# What's the frustum-to-pixels process?

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Hiya,

As the subject line asks, what's the general process by which an engine takes the frustum coordinates (and actually, this assumes that data has already been put into -1,-1,-1 1,1,1 view box coords) and gets all the way to pixels on da screen?

Thanks!

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After that you apply the viewport transform. For D3D it looks like this:
 X = (X + 1) * Viewport.Width * 0.5 + Viewport.TopLeftX Y = (1 - Y) * Viewport.Height * 0.5 + Viewport.TopLeftY Z = Viewport.MinDepth + Z * (Viewport.MaxDepth - Viewport.MinDepth) 

After this you have a screen space coordinate in pixels.

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Ah... Thanks MJP. Much obliged.

Thanks MJP! Very much obliged. I guess my next Q is...

Once the screen space in coordinates is achieved, what is the general description of the pixel-painting process? I know a lot of things like texture mapping and lighting and shading (obviously) enter here; I'm simply looking for an overall summation, whether or not any math is included, of the process so I can understand the conceptual logic of the "painting part".

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It's a process called scanline rasterization.

EDIT: This generally happens for you automagically if you're talking to a 3D API like Direct3D and there are some additional quirks/implementation details when doing things in hardware, but I'll omit that for brevity. They're likely not useful until you already have an understanding anyways-- it's just some clever cheating that could be a little confusing.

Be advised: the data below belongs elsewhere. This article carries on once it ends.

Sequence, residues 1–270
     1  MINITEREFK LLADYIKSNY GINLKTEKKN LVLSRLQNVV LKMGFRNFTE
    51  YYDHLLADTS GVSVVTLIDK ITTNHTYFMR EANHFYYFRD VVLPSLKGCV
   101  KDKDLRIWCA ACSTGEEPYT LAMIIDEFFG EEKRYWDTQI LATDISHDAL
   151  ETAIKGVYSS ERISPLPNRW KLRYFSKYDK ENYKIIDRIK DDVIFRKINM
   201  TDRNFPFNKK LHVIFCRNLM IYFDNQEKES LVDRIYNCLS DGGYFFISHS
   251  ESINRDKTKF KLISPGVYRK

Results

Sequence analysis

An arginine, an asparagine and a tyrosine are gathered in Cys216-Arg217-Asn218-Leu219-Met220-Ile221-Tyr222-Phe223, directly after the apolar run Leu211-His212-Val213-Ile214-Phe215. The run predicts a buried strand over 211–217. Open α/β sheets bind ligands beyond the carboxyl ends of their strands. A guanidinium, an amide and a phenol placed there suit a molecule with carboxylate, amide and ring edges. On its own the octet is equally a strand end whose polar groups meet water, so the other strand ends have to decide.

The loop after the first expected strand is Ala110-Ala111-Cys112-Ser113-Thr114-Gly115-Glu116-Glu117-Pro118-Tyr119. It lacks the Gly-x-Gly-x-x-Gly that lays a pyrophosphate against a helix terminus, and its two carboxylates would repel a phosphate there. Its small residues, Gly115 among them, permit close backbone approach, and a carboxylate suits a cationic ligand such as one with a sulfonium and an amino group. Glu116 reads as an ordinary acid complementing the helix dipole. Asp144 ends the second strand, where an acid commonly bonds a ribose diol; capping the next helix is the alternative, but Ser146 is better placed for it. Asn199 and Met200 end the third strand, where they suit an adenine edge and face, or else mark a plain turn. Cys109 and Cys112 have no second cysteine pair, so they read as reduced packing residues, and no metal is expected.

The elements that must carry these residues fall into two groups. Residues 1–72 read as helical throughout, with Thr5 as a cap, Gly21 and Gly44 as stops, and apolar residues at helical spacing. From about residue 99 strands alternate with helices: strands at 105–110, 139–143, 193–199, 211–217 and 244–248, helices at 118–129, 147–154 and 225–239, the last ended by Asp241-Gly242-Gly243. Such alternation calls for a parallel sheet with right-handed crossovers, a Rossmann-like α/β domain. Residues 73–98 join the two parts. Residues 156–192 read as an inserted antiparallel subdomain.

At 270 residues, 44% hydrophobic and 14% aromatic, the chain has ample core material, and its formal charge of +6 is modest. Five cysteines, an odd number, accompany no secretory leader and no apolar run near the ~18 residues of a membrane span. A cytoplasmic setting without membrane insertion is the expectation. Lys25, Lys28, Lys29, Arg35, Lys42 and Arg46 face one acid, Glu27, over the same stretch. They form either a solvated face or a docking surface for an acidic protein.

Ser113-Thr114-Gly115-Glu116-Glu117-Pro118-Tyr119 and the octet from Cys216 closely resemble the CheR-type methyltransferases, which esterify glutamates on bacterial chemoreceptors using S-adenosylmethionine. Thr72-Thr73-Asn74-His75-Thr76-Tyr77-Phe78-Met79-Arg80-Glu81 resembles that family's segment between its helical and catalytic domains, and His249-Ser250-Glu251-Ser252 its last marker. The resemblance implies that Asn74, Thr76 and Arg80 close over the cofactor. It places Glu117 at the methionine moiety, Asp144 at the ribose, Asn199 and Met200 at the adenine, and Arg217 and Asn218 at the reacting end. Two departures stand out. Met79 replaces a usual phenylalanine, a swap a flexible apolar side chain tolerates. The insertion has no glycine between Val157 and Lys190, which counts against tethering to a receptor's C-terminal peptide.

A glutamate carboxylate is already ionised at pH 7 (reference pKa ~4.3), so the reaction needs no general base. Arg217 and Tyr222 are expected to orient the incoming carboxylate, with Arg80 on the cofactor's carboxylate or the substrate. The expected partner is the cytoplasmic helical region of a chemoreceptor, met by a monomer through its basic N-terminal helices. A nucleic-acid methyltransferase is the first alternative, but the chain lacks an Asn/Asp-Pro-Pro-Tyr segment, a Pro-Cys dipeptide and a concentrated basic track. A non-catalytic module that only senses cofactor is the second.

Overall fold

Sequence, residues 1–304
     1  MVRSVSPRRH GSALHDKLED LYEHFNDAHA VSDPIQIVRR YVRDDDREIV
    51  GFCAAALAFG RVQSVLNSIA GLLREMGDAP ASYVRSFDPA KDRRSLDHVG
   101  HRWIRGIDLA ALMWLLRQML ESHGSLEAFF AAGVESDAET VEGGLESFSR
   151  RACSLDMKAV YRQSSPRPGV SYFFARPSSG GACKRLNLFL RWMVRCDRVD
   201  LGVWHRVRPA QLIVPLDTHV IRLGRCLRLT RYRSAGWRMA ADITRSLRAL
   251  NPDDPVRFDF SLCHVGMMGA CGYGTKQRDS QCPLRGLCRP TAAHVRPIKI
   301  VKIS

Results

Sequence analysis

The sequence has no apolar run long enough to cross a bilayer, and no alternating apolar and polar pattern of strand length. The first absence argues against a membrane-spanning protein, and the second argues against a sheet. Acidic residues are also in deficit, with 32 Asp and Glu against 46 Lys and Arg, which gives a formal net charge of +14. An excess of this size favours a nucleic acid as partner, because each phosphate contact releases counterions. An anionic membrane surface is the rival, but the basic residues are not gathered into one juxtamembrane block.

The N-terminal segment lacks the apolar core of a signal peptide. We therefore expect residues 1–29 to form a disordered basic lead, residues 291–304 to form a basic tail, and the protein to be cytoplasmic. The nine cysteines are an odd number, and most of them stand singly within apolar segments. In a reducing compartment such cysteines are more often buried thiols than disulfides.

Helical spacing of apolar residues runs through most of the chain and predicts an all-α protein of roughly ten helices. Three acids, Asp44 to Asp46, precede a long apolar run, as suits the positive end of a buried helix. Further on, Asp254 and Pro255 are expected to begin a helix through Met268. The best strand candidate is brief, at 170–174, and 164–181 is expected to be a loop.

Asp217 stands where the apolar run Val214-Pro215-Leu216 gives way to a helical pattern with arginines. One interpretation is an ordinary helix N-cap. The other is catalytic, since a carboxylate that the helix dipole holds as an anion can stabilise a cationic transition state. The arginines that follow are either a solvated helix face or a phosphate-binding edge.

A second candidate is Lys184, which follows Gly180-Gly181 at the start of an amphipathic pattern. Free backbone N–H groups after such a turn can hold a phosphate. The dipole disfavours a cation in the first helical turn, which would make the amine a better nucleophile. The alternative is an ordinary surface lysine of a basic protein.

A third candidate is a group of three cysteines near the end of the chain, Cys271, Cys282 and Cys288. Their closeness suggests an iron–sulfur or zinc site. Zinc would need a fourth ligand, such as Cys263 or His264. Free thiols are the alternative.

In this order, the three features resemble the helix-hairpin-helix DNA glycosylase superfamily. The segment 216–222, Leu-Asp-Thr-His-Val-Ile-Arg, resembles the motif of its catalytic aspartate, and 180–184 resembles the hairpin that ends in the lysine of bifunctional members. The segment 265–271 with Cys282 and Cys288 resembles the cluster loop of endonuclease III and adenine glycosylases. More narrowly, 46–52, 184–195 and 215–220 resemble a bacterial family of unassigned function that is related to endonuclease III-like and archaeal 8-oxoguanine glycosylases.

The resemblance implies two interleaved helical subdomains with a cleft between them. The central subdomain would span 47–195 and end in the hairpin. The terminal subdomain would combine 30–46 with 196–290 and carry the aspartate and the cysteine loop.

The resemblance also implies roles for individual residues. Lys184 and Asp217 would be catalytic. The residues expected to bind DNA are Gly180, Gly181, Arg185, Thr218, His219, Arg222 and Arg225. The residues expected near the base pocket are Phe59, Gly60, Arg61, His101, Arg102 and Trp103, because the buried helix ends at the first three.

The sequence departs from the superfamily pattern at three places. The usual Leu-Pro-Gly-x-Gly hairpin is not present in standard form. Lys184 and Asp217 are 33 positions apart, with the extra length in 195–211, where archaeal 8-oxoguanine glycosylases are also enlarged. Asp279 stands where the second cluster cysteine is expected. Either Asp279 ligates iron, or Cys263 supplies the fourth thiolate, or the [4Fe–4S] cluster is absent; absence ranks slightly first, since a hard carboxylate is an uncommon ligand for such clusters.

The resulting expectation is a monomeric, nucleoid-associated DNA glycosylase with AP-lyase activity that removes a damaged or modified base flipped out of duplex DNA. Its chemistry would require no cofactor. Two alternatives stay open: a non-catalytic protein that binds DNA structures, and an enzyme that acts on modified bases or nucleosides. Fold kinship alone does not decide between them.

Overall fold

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In very over-simplified terms, the hardware will essentially map a triangle's 3 vertices to screen space and then figure out which pixels are "covered" by that triangle. Usually this is done by testing whether the triangle overlaps with a single point at the center of the pixel.

[attachment=7697:IC520311.png]

For each of those covered pixels, a single instance of the current pixel shader is executed. A pixel shader is program that's run on the GPU, and it's primary job is to figure out what value should be written to the pixel that it's assigned to. So a really simple pixel shader might just return a value of (1, 0, 0), which would show up as the color red if put on the screen. However a more complex pixel shader can sample textures, calculate lighting, apply normal mapping, etc. This is all done by interpolating values from the 3 triangle vertices. So for instance, it might interpolate the world space position of each vertex and use that for lighting values. Or the vertices might have texture coordinates, which are used for sampling textures.

In reality it's a little more complex than this, since there are more rules and hardware-specific optimizations to consider. But that's the general idea.

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It's important to note here that we're getting deep into hardware-specific implementation details that individual GPU vendors are extremely unlikely to publicly divulge (gotta maintain that competitive edge!) While there is a lot of common theory behind it, and while searching for a pipeline diagram (here's one for D3D9) will give you a conceptual overview, nobody outside of the hardware vendors really knows the full details of exactly what is being done on any given GPU.

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